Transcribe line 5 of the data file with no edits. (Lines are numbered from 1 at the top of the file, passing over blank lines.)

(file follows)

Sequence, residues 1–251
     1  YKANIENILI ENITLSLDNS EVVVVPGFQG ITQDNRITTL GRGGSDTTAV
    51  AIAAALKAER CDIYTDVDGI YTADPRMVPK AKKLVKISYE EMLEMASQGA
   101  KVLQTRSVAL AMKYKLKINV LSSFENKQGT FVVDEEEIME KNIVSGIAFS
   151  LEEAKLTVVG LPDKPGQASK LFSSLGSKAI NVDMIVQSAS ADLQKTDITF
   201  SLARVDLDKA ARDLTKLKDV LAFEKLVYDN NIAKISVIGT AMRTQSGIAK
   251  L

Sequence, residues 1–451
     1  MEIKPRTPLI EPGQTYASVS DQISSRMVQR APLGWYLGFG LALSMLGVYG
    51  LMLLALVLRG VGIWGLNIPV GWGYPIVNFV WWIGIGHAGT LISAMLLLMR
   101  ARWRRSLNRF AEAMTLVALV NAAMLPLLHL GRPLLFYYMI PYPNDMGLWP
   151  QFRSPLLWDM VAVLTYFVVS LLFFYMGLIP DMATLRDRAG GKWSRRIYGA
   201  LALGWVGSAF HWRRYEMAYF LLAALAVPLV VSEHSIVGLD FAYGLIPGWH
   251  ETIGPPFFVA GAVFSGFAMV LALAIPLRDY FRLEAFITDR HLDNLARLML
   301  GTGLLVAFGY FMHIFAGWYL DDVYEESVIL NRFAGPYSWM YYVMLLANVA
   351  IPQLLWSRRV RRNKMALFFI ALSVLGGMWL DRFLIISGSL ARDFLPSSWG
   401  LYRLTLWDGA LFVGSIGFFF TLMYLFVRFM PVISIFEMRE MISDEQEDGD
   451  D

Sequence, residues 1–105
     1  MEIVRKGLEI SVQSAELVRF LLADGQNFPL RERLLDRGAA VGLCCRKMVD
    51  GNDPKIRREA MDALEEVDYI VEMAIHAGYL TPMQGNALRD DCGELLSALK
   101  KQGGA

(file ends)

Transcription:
   151  LEEAKLTVVG LPDKPGQASK LFSSLGSKAI NVDMIVQSAS ADLQKTDITF